Shama Haider of Tenafly notched a milestone in New Jersey politics last week, becoming the first Muslim to win a seat in the state Legislature. Soon, she may not be alone in that historic feat: Sadaf Jaffer, the former Montgomery Township mayor, now leads in a close state Senate race in Central Jersey.
Yet while Muslims cheered the groundbreaking rise of the two women, both Pakistani Americans, they also learned that another candidate surrounded by even more fanfare had written bigoted comments about Islam online.
Republican Ed Durr, who beat the powerful Democratic leader of the state Senate, denigrated the religion followed by more than 300,000 state residents as a "cult of hate" and "false religion" in social media comments that gained attention after his upset win.
In New Jersey, home to more Muslims in elected office than any other state, Durr's words sparked a storm, leading the trucker from Gloucester County to apologize. He is scheduled to meet with Muslim leaders on Wednesday, said Jacqueline Vigilante, the Gloucester County GOP chair.
Muslim wins to elected office and the quick apology from Durr might appear to signal progress for a population that has long faced Islamophobic sentiment in politics, especially in the 20 years since the Sept. 11 attacks.
But such slurs remain all too common, said Selaedin Maksut, executive director of the New Jersey chapter of the Council on American-Islamic Relations, who organized the meeting with Durr.
In other cases, officials either have not apologized or have issued expressions of regret that seem insincere, Maksut said.
"There is a deep-seated hatred for the other and especially for the religion of Islam," he said. "Some have concealed it. Others, unlike Durr, were unapologetic. We can't forget that the last president literally said 'I think Islam hates us.' "
Durr, a little-known contender who vanquished state Sen. Steve Sweeney on a shoestring budget, did not respond to a request for comment. The Associated Press has declared Durr the winner, though Sweeney has not yet conceded.
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In a statement last week, Durr said he sometimes says things "in the heat of the moment." He added, "If I said things in the past that hurt anybody’s feelings, I sincerely apologize."
“I support everybody’s right to worship in any manner they choose and to worship the God of their choice," he said in the statement. "I support all people and I support everybody’s rights. That’s what I am here to do, work for the people and support their rights.”
Wasique Narvel, president of the Garden State Islamic Center, which includes a campus in Bridgeton, part of Durr's new district, said he hadn't heard of the Republican until last week's surprise results. He did not know if the comments came out of "ignorance" or "viciousness," he said.
'The beginning of a process'
"Bigoted statements are not welcomed by anyone," Narvel said. "They need to be educated about the reality of what we are. Certainly, it's the beginning of a process."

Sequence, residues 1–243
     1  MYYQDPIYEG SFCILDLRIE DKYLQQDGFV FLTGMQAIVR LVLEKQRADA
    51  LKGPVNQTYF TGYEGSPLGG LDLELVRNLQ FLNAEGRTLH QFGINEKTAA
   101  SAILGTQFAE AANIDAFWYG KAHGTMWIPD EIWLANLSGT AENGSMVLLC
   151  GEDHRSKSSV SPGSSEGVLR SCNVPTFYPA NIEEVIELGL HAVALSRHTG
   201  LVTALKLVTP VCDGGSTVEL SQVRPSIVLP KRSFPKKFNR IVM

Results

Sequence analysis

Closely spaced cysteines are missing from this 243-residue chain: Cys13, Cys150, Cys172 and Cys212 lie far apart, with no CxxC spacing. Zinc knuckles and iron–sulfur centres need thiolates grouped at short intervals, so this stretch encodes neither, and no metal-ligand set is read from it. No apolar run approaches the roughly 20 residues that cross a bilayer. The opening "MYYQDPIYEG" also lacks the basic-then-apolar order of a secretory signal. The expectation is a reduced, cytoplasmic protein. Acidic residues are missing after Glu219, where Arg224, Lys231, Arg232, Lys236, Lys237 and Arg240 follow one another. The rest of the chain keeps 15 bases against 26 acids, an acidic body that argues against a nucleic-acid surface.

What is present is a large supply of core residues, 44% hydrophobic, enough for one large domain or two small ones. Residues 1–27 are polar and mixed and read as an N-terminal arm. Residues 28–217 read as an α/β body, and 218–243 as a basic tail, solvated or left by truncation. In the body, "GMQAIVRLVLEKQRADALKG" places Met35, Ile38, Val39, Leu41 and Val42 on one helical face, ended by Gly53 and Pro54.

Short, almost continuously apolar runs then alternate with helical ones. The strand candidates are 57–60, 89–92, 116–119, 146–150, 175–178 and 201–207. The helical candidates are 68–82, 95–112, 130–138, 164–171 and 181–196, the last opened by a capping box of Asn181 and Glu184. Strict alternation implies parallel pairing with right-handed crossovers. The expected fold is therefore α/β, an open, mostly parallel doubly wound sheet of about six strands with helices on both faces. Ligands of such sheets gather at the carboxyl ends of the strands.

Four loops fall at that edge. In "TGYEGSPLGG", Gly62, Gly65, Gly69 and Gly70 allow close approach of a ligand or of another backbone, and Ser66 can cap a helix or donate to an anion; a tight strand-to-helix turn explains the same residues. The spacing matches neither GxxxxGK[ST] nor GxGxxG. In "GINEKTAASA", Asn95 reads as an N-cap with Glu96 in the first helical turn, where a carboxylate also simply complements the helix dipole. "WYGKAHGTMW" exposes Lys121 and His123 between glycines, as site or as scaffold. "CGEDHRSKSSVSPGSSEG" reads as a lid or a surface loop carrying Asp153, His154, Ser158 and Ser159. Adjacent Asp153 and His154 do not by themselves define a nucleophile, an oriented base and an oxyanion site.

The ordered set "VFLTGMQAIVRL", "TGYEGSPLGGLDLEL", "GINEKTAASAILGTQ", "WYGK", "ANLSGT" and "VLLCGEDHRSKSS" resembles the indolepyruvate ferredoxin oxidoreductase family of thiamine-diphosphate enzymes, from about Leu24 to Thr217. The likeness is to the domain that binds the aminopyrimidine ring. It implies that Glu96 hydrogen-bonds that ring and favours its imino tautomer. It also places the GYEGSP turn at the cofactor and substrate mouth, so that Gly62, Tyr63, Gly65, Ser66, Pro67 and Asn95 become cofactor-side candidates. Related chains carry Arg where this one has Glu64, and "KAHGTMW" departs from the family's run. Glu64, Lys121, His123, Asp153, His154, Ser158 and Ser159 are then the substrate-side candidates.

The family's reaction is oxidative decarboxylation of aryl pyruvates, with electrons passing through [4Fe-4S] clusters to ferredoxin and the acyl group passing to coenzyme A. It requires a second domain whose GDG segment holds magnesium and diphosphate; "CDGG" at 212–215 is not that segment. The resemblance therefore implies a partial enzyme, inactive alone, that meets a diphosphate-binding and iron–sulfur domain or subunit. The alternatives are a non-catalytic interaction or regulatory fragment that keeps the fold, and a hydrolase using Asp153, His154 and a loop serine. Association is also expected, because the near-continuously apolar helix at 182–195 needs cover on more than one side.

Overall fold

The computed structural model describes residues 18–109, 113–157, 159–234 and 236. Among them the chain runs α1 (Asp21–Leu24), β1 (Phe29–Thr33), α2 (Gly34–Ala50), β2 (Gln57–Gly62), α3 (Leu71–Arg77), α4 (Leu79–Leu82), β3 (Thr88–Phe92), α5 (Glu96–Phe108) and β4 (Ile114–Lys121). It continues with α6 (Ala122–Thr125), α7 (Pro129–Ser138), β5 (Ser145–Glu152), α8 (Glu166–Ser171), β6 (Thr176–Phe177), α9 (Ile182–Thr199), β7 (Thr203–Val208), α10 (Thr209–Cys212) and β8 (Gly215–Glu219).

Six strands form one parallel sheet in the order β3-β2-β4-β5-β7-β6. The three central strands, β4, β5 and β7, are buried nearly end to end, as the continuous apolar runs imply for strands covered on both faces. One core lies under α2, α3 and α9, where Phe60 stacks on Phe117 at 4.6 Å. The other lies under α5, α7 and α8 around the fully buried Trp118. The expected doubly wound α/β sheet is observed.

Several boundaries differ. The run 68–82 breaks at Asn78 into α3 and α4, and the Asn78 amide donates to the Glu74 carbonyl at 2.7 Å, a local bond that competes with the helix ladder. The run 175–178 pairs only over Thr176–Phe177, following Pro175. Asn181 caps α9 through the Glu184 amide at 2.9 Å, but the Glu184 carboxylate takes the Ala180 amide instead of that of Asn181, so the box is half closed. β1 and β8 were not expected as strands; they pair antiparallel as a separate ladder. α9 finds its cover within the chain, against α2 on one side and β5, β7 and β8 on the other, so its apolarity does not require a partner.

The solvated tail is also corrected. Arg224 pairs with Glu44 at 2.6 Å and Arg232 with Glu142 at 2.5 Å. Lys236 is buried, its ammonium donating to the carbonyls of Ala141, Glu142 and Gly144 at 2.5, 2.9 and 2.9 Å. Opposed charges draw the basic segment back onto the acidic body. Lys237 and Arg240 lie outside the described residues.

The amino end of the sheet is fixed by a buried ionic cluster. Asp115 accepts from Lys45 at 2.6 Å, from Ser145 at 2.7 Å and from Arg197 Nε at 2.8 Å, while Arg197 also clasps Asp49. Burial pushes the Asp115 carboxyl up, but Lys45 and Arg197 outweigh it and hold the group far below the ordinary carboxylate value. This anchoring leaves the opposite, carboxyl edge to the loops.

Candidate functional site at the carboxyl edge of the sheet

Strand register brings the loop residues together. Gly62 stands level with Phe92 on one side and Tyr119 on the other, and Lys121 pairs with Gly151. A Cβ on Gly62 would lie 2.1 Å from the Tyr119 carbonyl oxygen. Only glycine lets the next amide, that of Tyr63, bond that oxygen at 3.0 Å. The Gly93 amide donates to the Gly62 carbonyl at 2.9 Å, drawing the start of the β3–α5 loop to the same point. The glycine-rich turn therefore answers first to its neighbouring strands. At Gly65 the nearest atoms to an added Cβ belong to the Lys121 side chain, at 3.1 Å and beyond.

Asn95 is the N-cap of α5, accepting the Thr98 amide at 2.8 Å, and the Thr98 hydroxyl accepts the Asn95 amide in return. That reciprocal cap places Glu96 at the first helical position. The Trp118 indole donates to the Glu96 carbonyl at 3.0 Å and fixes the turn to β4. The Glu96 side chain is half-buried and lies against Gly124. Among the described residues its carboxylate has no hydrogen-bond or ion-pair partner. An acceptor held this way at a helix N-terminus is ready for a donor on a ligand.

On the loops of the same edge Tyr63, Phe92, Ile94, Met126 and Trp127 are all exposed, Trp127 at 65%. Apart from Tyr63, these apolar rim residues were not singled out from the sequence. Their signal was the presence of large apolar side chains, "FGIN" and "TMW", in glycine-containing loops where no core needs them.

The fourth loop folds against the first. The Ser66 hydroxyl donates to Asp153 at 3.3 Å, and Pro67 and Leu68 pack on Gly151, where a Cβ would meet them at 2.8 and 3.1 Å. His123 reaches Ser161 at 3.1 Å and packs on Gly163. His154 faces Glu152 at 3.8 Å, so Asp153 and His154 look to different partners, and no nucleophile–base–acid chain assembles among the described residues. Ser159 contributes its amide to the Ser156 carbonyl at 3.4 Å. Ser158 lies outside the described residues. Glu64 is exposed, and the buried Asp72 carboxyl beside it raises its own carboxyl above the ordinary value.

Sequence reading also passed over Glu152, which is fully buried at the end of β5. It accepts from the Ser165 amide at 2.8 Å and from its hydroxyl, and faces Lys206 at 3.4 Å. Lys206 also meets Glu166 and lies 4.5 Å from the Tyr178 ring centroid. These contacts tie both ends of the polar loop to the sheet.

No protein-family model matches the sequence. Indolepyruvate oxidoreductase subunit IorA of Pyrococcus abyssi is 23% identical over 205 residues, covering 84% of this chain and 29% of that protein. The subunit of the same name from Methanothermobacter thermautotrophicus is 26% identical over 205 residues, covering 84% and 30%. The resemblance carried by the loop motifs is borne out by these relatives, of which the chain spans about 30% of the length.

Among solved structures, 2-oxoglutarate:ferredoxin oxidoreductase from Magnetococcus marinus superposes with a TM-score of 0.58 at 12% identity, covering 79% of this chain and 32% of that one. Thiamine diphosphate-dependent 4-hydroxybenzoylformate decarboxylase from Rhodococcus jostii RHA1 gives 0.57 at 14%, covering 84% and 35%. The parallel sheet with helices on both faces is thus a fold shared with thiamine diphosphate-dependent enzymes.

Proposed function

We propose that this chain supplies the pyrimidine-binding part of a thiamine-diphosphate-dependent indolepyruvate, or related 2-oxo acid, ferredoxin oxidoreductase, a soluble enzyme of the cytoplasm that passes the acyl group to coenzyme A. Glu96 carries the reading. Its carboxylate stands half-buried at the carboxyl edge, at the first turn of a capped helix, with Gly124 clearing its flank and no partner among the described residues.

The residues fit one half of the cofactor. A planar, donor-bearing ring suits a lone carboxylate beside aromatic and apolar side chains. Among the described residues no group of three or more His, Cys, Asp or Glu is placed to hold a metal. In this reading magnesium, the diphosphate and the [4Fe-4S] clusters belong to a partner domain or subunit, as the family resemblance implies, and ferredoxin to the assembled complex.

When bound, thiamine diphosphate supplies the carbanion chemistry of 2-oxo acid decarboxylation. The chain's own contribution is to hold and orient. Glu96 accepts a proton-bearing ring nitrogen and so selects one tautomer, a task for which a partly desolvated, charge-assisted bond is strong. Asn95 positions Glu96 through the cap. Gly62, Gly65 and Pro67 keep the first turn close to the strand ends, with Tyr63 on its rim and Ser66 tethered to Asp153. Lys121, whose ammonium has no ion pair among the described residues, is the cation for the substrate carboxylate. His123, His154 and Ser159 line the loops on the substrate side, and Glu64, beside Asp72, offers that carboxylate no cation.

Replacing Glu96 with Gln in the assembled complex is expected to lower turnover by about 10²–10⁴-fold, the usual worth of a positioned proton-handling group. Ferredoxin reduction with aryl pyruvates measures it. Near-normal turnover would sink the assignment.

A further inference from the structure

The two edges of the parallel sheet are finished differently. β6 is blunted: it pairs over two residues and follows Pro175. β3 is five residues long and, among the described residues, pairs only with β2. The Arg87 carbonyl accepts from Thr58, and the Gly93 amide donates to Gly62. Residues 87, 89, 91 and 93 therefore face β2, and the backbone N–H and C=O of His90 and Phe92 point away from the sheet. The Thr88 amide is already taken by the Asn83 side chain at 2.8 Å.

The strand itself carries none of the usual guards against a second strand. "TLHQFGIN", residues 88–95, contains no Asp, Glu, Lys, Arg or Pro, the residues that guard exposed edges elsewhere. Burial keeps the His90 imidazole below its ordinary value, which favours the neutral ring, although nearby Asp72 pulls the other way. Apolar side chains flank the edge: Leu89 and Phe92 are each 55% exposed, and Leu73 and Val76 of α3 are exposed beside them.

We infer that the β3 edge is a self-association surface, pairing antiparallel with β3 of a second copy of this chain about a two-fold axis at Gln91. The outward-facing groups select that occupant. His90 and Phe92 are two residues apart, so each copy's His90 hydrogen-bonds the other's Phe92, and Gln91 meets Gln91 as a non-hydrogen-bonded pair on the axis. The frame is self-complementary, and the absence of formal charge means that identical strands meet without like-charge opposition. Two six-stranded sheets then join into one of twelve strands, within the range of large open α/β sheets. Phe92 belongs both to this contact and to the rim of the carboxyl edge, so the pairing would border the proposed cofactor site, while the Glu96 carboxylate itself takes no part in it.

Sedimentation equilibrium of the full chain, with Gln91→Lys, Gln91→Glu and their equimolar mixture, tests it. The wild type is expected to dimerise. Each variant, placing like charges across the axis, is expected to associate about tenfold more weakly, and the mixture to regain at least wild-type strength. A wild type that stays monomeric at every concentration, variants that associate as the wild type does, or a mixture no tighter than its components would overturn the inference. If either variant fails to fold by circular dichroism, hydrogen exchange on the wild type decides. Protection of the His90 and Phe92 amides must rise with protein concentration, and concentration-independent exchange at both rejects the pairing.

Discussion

Durr's apology showed people have a lot to learn about Islam, said former Teaneck Mayor Mohammed Hameeduddin. He noted that Durr's statement highlighted support for people "to worship the God of their choice."
Islam, Judaism and Christianity are all Abrahamic, meaning they trace their roots to Abraham and all believe in the same God revealed to the biblical patriarch, Hameeduddin said.
Haider called Durr's comments "abhorrent" and "out of touch with the state of New Jersey." She hoped that Durr "can step outside of his hate and learn that serving public office is about serving all communities, not just the one you came from," she said.
Haider, a Bergen County Democrat who won a race for an open Assembly seat, has served on the Tenafly Borough Council and on local boards and commissions. She said she has not faced bias because of her faith.
"I think because I had been active," she said. "I was involved in the parents' association when my kids were in school. We used to have an active League of Women Voters. I was on environmental commissions and the Planning Board.
"I did a lot of door-to-door, so people knew my name," she added. "I was viewed as a resident of Tenafly, more than anything."
The same is not true for Jaffer, who gained national attention after becoming the first female Muslim mayor in the country. After news articles about her election, she was bombarded by hate messages from across the country — most of them online.
Her desire to build bridges across communities was a factor that drove her to run for local and state offices, she said in an interview.
Jaffer has claimed victory in the race for the 16th Legislative District and on Tuesday had a lead of about 2,100 votes. The Associated Press has not yet declared her a winner in the race.
Eric Naing, communications director at Muslim Advocates, an advocacy group based in Washington, D.C., said the events in New Jersey reflected the national Muslim experience.
It’s heartening to see Haider and Jaffer “running and claiming spaces in public life," he said. On the other hand, Naing added, Durr's old posts are a reminder "that anti-Muslim forces are still powerful.”
Still, the Republican's willingness to meet Muslim leaders is a sign of progress, he said. Durr has also deleted his Twitter page; his Facebook page is no longer publicly accessible.
“His openness to responding to criticism from Muslims has been encouraging,” Naing said. “We hope he will listen to the community and build on it.”
Hannan Adely is a diversity reporter covering Arab and Muslim communities for NorthJersey.com, where she focuses on social issues, politics, bias and civil rights. To get unlimited access to the latest news, please subscribe or activate your digital account today.
This article originally appeared on NorthJersey.com: NJ election results: Likely wins for Muslims, but also Ed Durr